SCIENCE: Earth Has a 27.5‑Million-Year ‘Heartbeat’, But We Have No Idea What Causes It

In the last 260 mil­lion years, dinosaurs came and went, Pangea split into the con­ti­nents and islands we see today, and humans have quick­ly and irre­versibly changed the world we live in.

But through all of that, it seems Earth has been keep­ing time. A recent study of ancient geo­log­i­cal events sug­gests that our plan­et has a slow, steady ‘heart­beat’ of geo­log­i­cal activ­i­ty every 27 mil­lion years or so.

This pulse of clus­tered geo­log­i­cal events – includ­ing vol­canic activ­i­ty, mass extinc­tions, plate reor­ga­ni­za­tions, and sea lev­el ris­es – is incred­i­bly slow, a 27.5‑million-year cycle of cat­a­stroph­ic ebbs and flows. But luck­i­ly for us, the research team notes we have anoth­er 20 mil­lion years before the next ‘pulse’.

“Many geol­o­gists believe that geo­log­i­cal events are ran­dom over time,” said Michael Rampino, a New York Uni­ver­si­ty geol­o­gist and the study’s lead author, in a 2021 statement.

“But our study pro­vides sta­tis­ti­cal evi­dence for a com­mon cycle, sug­gest­ing that these geo­log­ic events are cor­re­lat­ed and not random.”

The team con­duct­ed an analy­sis on the ages of 89 well-under­stood geo­log­i­cal events from the past 260 mil­lion years.

As you can see from the graph below, some of those times were tough – with over eight of such world-chang­ing events clus­ter­ing togeth­er over geo­log­i­cal­ly small times­pans, form­ing the cat­a­stroph­ic ‘pulse’.

“These events include times of marine and non-marine extinc­tions, major ocean-anox­ic events, con­ti­nen­tal flood-basalt erup­tions, sea-lev­el fluc­tu­a­tions, glob­al puls­es of intraplate mag­ma­tism, and times of changes in seafloor-spread­ing rates and plate reor­ga­ni­za­tions,” the team wrote in their paper.

“Our results sug­gest that glob­al geo­log­ic events are gen­er­al­ly cor­re­lat­ed, and seem to come in puls­es with an under­ly­ing ~27.5‑million-year cycle.”

Geol­o­gists have been inves­ti­gat­ing a poten­tial cycle in geo­log­i­cal events for a long time. Back in the 1920s and 30s, sci­en­tists of the era had sug­gest­ed that the geo­log­i­cal record had a 30-mil­lion-year cycle, while in the 1980s and 90s researchers used the best-dat­ed geo­log­i­cal events at the time to give them a range of the length between ‘puls­es’ of 26.2 to 30.6 mil­lion years.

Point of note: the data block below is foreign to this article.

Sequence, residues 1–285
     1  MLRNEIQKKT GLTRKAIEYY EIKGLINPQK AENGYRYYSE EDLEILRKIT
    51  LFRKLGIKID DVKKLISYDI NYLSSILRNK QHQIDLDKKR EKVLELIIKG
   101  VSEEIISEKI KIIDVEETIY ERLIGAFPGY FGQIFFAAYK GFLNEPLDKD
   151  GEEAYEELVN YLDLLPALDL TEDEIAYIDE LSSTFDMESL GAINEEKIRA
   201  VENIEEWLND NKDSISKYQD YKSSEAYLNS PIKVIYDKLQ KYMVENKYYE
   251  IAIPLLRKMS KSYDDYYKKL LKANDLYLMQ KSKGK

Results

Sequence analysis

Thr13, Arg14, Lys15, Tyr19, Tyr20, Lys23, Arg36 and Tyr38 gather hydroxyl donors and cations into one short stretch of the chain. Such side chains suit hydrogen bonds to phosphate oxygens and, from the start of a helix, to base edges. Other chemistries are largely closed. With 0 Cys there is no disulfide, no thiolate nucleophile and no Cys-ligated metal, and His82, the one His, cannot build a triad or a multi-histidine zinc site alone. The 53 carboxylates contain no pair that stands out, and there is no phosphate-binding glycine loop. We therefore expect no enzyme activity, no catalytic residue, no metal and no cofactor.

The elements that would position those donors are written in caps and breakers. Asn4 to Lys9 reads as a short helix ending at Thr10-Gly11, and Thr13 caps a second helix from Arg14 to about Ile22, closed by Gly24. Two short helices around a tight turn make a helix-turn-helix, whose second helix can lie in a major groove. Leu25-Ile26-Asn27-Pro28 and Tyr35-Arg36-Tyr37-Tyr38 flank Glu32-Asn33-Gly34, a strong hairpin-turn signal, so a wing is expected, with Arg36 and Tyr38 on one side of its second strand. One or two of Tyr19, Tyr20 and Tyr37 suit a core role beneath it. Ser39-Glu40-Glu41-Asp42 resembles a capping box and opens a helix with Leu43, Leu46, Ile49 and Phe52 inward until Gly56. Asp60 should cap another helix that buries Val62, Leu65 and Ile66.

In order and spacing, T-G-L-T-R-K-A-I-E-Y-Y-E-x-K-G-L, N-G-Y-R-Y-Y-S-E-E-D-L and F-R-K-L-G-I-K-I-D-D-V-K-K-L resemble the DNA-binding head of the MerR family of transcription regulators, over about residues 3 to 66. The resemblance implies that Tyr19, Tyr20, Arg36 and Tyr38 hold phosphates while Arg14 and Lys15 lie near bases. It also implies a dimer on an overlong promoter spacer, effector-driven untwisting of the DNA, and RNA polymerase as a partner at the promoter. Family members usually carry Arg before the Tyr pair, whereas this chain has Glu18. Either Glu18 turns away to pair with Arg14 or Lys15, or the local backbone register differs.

Now, every­thing seems to be in order – 27.5 mil­lion years is right about where we’d expect. A study pub­lished in late 2020 by the same authors sug­gest­ed that this 27.5‑million-year mark is when mass extinc­tions hap­pen, too.

“This paper is quite good, but actu­al­ly I think a bet­ter paper on this phe­nom­e­non was [a 2018 paper by] Muller and Dutkiewicz,” tec­ton­ic geol­o­gist Alan Collins from the Uni­ver­si­ty of Ade­laide, who was­n’t involved in this research, told Sci­enceAl­ert in 2021.

That 2018 paper, by two researchers at the Uni­ver­si­ty of Syd­ney, looked at Earth­’s car­bon cycle and plate tec­ton­ics, and also came to the con­clu­sion that the cycle is approx­i­mate­ly 26 mil­lion years long.

Collins explained that in this lat­est study, many of the events the team looked at are causal – mean­ing that one direct­ly caus­es the oth­er, thus some of the 89 events are relat­ed: for exam­ple, anox­ic events caus­ing marine extinction.

“Hav­ing said this,” he added, “this 26–30 mil­lion year cyclic­i­ty does seem to be real and over a longer peri­od of time – it also is not clear what is the under­ly­ing cause of it!”

Oth­er research from Rampino and his team have sug­gest­ed comet strikes could be the cause, with one space researcher even sug­gest­ing Plan­et X is to blame.

But if Earth real­ly does have a geo­log­ic ‘heart­beat’, it might be due to some­thing a lit­tle clos­er to home.

“These cyclic puls­es of tec­ton­ics and cli­mate change may be the result of geo­phys­i­cal process­es relat­ed to the dynam­ics of plate tec­ton­ics and man­tle plumes, or might alter­na­tive­ly be paced by astro­nom­i­cal cycles asso­ci­at­ed with the Earth­’s motions in the Solar Sys­tem and the Galaxy,” the team writes in their study.

The research has been pub­lished in Geo­science Frontiers.

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